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So, here is the situation. I have several objects of the same type that are all listening to the same event. The handlers of each of these objects manipulate some part of the DOM. These objects can be recreated or destroyed at almost any time, when they are destroyed they take the part of the DOM they are responsible for with them. The problem is that handlers for these objects stick around and continue to try to manipulate the DOM after the objects have been destroyed.

Below is the code that I have that seems to work. However I do not care for the way the handlers are destroyed and I suspect it may not be good for jQuery. Is there a better way?

        var ID: "uniqueID",
    connectEvents: function ()
    {
      $(someDiv).on("customEvent", this, this.eventHandler);
    },
    eventHandler: function (e)
    {
        //do some stuff to the DOM
    },
    destroy: function ()
    {
      var gridCell = this;
      if (jQuery(someDiv).data("events"))
      {
         var handlers = jQuery(someDiv).data("events").customEvent
         var handlerIndex = -1;
         $(handlers).each(function (i, handler)
         {
            if (handler.data.ID === ID)
               handlerIndex = i;
         });
         if (handlerIndex > 0)
         {
            handlers.splice(handlerIndex, 1);
         }
      }
      //Destroy some Dom elements
    }
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1  
can namespace the events and use off('customEvent.namespace)` –  charlietfl Jan 16 '13 at 22:24
1  
If you use $(elem).remove() to remove an element from the DOM, then all jQuery event handlers and all regular DOM event handlers are automatically cleaned up for you. I don't understand why you would have a problem with this. Perhaps you can illustrate the problem you are actually having and show us the code that removes items from the DOM. You are not supposed to have to clean up event handlers when elements are removed from the DOM if you remove them correctly. So, the problem is probably upstream from where you're trying to fix things. –  jfriend00 Jan 16 '13 at 22:33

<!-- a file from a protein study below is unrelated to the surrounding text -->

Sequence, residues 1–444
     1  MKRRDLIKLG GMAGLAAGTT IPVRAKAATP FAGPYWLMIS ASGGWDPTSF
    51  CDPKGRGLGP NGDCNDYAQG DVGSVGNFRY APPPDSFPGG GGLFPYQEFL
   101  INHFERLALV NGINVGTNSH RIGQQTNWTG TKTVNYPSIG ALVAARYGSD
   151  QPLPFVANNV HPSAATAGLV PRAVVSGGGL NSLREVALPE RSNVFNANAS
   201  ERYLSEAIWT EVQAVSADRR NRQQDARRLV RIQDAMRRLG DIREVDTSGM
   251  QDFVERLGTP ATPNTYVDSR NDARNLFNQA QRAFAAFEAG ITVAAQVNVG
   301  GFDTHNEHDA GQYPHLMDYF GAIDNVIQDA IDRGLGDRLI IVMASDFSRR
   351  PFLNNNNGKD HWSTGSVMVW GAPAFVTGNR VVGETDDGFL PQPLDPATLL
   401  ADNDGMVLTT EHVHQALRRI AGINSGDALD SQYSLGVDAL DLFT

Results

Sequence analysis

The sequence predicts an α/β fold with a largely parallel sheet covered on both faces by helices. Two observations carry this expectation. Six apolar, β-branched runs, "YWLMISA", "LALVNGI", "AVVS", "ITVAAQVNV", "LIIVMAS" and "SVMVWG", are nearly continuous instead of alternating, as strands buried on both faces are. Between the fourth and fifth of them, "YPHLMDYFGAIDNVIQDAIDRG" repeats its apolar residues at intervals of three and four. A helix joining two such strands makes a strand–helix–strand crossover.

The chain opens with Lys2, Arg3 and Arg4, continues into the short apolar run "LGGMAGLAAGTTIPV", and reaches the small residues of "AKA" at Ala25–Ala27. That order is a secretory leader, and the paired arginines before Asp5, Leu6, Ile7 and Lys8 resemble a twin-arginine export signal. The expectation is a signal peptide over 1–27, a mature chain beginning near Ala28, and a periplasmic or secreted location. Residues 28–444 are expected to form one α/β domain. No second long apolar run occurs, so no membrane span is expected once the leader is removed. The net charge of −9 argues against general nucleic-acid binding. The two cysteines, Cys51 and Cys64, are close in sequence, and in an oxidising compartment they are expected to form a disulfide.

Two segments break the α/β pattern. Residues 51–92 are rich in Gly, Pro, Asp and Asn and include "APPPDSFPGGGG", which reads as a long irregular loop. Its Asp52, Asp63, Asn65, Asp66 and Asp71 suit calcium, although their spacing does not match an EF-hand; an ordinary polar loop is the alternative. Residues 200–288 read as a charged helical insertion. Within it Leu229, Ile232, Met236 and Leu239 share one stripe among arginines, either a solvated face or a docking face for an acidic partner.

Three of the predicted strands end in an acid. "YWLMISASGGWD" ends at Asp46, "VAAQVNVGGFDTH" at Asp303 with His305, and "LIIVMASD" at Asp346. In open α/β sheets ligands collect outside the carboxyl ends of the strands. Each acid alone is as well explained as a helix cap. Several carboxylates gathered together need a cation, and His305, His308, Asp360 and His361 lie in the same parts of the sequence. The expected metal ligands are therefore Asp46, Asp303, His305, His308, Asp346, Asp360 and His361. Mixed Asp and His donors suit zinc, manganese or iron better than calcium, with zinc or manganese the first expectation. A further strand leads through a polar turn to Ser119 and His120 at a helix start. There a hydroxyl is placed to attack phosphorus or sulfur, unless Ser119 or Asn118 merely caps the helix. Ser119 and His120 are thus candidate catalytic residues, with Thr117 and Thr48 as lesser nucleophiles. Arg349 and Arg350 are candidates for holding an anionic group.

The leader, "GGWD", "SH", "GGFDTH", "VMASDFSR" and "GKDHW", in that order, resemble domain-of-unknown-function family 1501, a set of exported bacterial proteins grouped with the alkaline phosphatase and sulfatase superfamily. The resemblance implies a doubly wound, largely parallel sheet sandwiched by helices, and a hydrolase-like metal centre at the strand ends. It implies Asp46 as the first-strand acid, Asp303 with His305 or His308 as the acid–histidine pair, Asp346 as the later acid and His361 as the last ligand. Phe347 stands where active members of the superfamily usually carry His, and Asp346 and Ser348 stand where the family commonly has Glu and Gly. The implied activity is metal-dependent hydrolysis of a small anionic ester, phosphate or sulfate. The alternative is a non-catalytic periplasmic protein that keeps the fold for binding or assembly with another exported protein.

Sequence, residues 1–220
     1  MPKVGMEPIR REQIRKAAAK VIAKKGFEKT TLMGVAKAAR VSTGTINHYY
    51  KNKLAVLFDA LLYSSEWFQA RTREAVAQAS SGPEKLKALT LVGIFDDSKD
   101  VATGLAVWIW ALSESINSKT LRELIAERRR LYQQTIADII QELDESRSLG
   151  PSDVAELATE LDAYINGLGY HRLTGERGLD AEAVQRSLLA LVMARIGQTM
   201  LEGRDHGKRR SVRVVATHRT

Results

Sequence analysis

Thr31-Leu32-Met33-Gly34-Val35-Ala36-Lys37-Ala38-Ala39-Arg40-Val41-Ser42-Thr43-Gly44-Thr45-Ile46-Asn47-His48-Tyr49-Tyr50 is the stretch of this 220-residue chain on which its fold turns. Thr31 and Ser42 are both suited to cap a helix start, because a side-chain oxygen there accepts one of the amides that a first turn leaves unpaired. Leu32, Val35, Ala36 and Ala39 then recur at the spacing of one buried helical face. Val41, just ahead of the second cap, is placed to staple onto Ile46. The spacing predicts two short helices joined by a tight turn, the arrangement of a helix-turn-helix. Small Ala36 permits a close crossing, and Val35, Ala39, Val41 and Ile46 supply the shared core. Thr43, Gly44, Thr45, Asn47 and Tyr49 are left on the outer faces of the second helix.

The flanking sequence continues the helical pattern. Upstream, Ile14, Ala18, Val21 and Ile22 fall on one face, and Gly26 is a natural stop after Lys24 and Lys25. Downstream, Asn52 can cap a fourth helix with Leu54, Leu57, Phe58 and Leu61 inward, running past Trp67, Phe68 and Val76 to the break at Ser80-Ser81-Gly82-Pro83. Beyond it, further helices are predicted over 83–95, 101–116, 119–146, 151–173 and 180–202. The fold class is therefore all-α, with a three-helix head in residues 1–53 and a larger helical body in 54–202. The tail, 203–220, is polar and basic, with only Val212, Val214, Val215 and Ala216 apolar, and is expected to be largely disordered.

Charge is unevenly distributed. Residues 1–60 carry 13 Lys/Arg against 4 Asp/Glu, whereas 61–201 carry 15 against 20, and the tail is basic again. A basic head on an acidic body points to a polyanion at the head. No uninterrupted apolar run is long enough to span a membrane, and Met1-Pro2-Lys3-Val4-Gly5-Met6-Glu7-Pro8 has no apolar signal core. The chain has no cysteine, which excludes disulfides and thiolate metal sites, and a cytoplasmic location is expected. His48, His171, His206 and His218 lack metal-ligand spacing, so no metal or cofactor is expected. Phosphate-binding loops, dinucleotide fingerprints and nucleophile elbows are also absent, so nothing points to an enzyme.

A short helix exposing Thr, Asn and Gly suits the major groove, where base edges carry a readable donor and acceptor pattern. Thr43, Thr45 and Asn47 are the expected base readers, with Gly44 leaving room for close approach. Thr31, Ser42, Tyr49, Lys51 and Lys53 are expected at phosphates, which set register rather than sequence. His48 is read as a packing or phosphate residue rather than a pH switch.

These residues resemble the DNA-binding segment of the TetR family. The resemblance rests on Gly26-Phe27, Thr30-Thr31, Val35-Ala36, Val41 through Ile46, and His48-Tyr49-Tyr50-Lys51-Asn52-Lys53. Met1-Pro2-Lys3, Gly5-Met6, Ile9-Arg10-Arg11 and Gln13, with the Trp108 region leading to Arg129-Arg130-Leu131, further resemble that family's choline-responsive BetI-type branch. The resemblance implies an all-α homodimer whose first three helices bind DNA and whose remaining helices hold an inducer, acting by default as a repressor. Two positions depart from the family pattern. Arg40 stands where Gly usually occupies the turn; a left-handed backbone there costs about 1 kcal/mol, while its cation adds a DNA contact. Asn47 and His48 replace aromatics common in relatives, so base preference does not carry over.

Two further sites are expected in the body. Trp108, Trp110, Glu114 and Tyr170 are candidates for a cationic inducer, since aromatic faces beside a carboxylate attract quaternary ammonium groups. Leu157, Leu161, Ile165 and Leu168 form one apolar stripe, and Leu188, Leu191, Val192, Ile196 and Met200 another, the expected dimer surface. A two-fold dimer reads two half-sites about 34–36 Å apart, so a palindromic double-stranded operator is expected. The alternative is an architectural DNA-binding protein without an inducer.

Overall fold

Thanks @charlietfl that is what I needed. I did not understand event namespaces, but now it works fine. To set up the handler I use: $(someDiv).on("customEvent." + this.ID, this, this.eventHandler); To disconnect: $(someDiv).off("customEvent." +this.ID, this.eventHandler); –  quarksoup Jan 16 '13 at 23:13

2 Answers 2

lets say the elements have a similar class 'test',

What you could do is:

$('.test').click(function(){
   $(this).off(); // remove all event handlers assigned to this object with class test that has been clicked.

   $(this).remove(); // removes the element
})
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make sure to remove the event handler first and then remove the element that used to have the handler –  Syd Jan 16 '13 at 22:28
    
The idea is that I do not want to remove the event handlers from the objects that have not been destroyed. Those event handlers need to remain active. "off" kills everything. –  quarksoup Jan 16 '13 at 22:28

Event handling is delegated to an ancestor div with the statement :

$(someDiv).on("customEvent", this, this.eventHandler);

If this is the only statement that attaches this.eventHandler, and if you still see eventHandler behaviour after a target element has been removed, then somediv must still contain some other element, which also delegates its "customEvent" to the ancestor div.

Event namespacing as per @charlietfl 's suggestion may well fix the immediate problem but I don't think it's a full solution. Something more fundamental needs to be fixed.

You are probably delegating "customEvent" to more elements than you realise.

share|improve this answer
    
This is what is happening, and it is desired behavior. Sorry, I wasn't clear before, but someDiv never gets removed. The divs that get removed are children of someDiv –  quarksoup Jan 16 '13 at 23:18
    
Yes, that was clear. My observations still stand. –  Beetroot-Beetroot Jan 16 '13 at 23:28

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